insignificant because

In this section, the outputs of the simulations performed using the nucleation rate function with the best correspondence between the measured and the simulated data are described firstly. Finally, the used nucleation rate function is presented.

Figure

Simulated sulfuric acid concentrations in the raw sample compared to the theoretical concentrations with different sulfuric acid evaporator temperatures. The concentrations are presented as the concentrations in NTP (normal temperature and pressure) conditions rather than in a hot raw sample.

Examples of measured and simulated particle concentrations and size
distributions of measurement set 1 are presented in
Fig.

Examples of measured and simulated

Figure

Examples of measured and simulated particle size distributions after the ejector diluter. The measured data are corrected with the dilution ratio of the bridge diluter and with the diffusional losses in the sampling lines after the ejector diluter. Additionally, all concentrations are multiplied by the total dilution ratio of the diluting sampling system. See the Supplement for error bars.

The requirement of the PL+LN model can be observed from
Fig.

Figure

The black dots in Fig.

Comparison of the particle number concentrations and the diameters with the average mass after the ejector diluter simulated using the LN distribution only and using both the PL and the LN distributions.

Comparison of the simulated and the measured

Table

The ratios of the simulated number concentrations and mass
concentrations after the ejector diluter with the residence times of 1.4 and
2.8 s, in measurement set 4. The values in parentheses denote the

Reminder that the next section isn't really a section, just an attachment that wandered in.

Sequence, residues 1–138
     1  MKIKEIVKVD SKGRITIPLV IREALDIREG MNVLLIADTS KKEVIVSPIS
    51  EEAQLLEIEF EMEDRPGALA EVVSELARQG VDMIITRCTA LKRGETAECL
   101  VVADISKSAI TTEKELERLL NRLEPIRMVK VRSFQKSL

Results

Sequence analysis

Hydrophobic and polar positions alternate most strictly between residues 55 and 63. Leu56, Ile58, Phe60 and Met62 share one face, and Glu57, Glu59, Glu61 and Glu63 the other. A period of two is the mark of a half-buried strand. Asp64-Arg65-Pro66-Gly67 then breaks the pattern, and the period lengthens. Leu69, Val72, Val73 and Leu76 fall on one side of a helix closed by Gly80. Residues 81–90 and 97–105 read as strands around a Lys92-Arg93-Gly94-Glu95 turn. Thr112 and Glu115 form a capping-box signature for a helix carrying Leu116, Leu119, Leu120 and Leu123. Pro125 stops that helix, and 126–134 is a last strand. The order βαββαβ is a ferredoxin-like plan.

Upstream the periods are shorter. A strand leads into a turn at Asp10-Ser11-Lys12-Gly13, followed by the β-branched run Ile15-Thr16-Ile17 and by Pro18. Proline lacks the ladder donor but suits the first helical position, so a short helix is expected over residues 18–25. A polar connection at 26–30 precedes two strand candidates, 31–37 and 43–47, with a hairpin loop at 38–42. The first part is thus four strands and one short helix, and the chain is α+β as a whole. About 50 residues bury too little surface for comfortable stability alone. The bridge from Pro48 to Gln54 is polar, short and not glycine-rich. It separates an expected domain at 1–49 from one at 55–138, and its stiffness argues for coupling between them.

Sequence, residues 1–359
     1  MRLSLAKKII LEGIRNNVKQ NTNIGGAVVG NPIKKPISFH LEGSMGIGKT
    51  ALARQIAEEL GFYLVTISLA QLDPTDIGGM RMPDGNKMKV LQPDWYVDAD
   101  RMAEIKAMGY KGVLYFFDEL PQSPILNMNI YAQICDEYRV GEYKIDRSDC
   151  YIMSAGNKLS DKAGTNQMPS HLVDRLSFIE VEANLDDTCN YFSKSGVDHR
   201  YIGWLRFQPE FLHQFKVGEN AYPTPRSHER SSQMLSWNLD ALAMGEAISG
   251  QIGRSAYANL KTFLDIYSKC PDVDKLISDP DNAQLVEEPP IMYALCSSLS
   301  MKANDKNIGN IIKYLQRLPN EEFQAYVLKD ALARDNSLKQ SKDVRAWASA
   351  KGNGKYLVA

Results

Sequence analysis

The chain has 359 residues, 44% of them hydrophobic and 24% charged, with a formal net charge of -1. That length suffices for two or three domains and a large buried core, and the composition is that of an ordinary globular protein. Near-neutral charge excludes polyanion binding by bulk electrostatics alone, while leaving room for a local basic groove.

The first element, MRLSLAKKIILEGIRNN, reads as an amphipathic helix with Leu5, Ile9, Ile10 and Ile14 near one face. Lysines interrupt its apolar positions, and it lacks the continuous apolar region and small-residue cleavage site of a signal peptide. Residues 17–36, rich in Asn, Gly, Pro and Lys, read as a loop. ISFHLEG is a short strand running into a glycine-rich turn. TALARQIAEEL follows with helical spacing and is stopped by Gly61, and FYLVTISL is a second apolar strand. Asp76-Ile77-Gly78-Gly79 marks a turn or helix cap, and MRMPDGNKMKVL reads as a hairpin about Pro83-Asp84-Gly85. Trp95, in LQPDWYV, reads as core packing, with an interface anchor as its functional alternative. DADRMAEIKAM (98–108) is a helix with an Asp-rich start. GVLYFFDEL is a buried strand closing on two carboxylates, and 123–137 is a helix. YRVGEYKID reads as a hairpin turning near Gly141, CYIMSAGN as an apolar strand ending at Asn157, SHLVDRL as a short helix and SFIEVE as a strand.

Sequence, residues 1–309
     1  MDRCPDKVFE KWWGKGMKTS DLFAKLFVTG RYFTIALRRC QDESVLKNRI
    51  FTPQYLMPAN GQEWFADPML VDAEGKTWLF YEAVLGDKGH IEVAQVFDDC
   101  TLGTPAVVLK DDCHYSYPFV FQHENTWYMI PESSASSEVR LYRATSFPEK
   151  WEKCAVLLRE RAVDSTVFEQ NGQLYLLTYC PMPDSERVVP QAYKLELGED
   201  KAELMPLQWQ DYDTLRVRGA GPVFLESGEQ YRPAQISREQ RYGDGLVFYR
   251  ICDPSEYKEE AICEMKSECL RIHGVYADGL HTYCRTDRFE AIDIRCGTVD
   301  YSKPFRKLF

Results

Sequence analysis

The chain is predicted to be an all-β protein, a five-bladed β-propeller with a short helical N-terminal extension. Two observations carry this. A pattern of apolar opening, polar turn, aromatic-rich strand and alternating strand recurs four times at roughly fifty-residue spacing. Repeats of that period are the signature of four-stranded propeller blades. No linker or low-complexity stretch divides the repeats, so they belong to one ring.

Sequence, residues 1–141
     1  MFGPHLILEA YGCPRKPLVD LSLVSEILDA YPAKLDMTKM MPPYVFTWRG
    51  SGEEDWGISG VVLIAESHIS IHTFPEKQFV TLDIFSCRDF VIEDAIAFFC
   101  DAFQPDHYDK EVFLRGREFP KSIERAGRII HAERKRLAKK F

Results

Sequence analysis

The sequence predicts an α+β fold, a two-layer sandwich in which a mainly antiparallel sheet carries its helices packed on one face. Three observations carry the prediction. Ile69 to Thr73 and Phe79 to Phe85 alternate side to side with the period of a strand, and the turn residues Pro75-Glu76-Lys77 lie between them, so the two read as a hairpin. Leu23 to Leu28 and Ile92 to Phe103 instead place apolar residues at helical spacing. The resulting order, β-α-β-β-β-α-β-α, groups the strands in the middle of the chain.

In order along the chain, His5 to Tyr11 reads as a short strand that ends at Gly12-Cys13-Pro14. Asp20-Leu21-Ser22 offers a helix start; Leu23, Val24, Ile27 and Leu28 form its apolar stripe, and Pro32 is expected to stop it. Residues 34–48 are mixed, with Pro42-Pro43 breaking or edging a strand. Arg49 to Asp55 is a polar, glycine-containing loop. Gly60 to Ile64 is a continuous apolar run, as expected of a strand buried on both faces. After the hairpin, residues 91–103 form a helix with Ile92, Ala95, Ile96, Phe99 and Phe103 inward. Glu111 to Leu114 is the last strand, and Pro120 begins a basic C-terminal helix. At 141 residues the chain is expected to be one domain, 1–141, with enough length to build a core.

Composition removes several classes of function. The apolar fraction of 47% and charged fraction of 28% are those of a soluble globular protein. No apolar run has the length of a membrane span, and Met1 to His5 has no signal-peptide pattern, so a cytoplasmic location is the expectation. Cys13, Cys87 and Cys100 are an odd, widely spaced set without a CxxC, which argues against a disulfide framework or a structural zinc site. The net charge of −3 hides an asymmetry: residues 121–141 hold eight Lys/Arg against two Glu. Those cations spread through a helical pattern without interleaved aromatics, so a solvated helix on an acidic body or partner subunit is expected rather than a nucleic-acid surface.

measured values as presented in Table

The nucleation rate function with the best correspondence between the
measured and the simulated data having a type of
Eq. (

The parameters of the nucleation rate function with the best correspondence between the measured and the simulated data. The ranges of variation represent the resolution with which the exponents were altered during inverse modeling.

The environmental parameter ranges within which the nucleation rate function was applied.

Because

The exponent

The nucleation rate was the highest in the PTD, where the hot sample and the cold
dilution air met. The major part of nucleation occurred in the beginning part
of the aging chamber. No noticeable nucleation occurred in the ejector
diluter, though the temperature reaches

Homogeneous

The measurements were simulated with the aerosol dynamics code CFD-TUTMAM
using the nucleation rate, which is explicitly defined as a function of
temperature and the concentrations of

The raw sample was generated by evaporating

In these measurements, particle formation was not observed with the

The obtained exponent

Data are available upon request from the corresponding author (miska.olin@tuni.fi).

The supplement related to this article is available online at:

MO, JA, TR, and MDM designed the experiments, and MO and JA carried them out. MO analyzed the measurement data, developed the model code, and performed the simulations. MRTP designed the IC analysis. MO prepared the paper, with contributions from all co-authors.

The authors declare that they have no conflict of interest.

The authors thank CSC and TCSC for the computational time. We also thank Prof. Mikko Sipilä from the University of Helsinki for lending the chemical ionization inlet for the atmospheric pressure interface time-of-flight mass spectrometer, the tofTools team for providing tools for mass spectrometry analysis, and M. Sc. Kalle Koivuniemi for ion chromatography measurements.

This research has been supported by the graduate school of Tampere University of Technology and the Maj and Tor Nessling Foundation (grant no. 2014452).

This paper was edited by Neil M. Donahue and reviewed by two anonymous referees.